1 WATER BOTTLE
Bring a 1 L wide mouth, BPA free plastic water bottle or Nalgene. You'll want this on summit night when your Camelback might freeze.
1 PAIR TREKKING POLES
Three-section, adjustable-height models are best. You can save space and rent these from us locally, just be sure to make a note of that in our Pre-Adventure HUB.
1 PAIR GAITERS
You’ll wear these over the top part of your shoe and lower pant leg, these help protect your feet from any water, dirt and pebbles that might try to sneak in. These are especially great for the downhill portions of the trek. You can rent these from us, just be sure to note it in our Pre-Adventure HUB.
1 RAIN PONCHO
Sometimes, like in the rain forest, it’s too hot and uncomfortable to wear your waterproof jacket, so a poncho is perfect to throw on to protect you and day pack. Not to mention, if it's raining a lot, using only a rain jacket and pack cover will leave too much exposed and your straps will get soaked.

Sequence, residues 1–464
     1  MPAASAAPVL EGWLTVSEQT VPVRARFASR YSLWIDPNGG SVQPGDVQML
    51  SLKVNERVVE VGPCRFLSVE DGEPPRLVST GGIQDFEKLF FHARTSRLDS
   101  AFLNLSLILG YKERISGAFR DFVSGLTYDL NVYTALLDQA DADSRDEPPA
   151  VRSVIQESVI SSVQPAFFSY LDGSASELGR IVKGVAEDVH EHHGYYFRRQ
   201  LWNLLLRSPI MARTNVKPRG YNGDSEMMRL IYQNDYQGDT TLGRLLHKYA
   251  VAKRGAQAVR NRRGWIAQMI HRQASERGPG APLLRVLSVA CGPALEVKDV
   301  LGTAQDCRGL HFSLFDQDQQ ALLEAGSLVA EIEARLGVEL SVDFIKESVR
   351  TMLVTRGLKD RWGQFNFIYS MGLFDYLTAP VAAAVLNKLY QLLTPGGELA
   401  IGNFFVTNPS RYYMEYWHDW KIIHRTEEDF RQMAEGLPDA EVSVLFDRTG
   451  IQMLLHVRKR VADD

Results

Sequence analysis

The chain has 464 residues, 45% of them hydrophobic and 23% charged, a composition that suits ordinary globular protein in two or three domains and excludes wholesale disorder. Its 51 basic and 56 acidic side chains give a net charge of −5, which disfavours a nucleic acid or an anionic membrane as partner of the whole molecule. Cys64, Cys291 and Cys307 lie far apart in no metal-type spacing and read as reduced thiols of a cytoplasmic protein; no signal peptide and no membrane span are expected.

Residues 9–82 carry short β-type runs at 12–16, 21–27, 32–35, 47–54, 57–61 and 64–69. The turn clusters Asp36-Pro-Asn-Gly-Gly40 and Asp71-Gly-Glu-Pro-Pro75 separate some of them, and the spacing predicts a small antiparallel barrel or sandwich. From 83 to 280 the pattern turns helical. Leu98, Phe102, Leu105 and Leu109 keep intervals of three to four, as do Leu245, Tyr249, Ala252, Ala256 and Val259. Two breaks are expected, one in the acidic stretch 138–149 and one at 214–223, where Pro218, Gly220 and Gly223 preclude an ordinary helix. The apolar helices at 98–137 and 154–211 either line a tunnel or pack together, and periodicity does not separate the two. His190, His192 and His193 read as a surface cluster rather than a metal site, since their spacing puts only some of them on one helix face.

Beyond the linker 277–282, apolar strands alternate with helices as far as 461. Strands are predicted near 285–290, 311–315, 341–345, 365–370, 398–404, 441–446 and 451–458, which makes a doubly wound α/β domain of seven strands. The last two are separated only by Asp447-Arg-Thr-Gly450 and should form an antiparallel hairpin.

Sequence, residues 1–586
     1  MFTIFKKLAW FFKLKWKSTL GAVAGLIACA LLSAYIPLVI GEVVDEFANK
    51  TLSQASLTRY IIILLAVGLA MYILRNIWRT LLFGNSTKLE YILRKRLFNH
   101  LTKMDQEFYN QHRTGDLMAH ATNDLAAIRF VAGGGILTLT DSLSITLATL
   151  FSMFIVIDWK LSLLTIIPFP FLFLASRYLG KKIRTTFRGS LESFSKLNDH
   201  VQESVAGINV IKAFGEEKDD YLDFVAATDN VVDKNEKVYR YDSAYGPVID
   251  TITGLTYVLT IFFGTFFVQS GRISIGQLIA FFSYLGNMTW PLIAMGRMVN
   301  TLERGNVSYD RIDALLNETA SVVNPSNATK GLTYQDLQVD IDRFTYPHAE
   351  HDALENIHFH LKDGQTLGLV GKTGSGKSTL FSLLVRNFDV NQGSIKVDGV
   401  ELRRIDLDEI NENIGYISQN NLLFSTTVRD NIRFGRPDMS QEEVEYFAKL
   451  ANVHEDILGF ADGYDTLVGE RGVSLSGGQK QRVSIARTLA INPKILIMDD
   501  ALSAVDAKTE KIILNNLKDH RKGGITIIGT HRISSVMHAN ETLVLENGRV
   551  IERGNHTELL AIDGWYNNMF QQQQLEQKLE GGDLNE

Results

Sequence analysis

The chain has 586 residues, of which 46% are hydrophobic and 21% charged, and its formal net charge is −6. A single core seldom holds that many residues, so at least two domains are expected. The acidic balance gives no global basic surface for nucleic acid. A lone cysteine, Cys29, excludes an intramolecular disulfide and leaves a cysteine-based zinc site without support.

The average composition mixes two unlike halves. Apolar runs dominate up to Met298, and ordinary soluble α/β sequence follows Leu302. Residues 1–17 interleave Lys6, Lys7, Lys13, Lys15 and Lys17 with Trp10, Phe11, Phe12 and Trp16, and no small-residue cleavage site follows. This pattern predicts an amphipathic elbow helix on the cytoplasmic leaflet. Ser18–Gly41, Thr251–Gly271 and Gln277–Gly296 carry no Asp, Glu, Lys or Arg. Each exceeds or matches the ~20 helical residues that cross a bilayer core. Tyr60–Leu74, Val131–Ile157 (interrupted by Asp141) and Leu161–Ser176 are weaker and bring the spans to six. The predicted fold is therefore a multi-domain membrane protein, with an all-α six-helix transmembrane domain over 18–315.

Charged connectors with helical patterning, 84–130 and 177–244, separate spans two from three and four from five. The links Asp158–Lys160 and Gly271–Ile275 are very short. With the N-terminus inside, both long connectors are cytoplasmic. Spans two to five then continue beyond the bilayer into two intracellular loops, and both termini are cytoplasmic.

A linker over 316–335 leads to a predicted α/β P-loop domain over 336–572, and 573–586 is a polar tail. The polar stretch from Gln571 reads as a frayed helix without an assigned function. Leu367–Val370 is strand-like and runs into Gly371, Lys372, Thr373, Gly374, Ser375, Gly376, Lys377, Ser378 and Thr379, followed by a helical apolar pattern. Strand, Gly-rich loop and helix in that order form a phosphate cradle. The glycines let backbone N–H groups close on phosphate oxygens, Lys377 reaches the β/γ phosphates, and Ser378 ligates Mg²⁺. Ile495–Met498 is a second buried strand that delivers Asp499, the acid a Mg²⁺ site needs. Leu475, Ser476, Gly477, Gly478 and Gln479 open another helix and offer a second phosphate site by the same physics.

1 FOUR SEASON SLEEPING BAG
Thermarest sleeping mats are provided free of charge to everyone on our treks!
1 SLEEPING BAG LINER
This will add an extra layer of warmth at night, and is a must have if you’re using a rented sleeping bag.
1 BUFF OR BANDANA
An all around great item to always have with you. You can use it as a neck gaiter, head band, sweat rag, etc...
1 HEAD LAMP + EXTRA BATTERIES
Important for when the sun sets at camp, and on summit night when we're hiking through the night. Start the trek with fresh batteries, and bring a spare set just in case.
Protect yourself from the fierce equatorial, mountain sun! Make sure they fit well and are UV-blocking and polarized.
CAMERA + EXTRA BATTERIES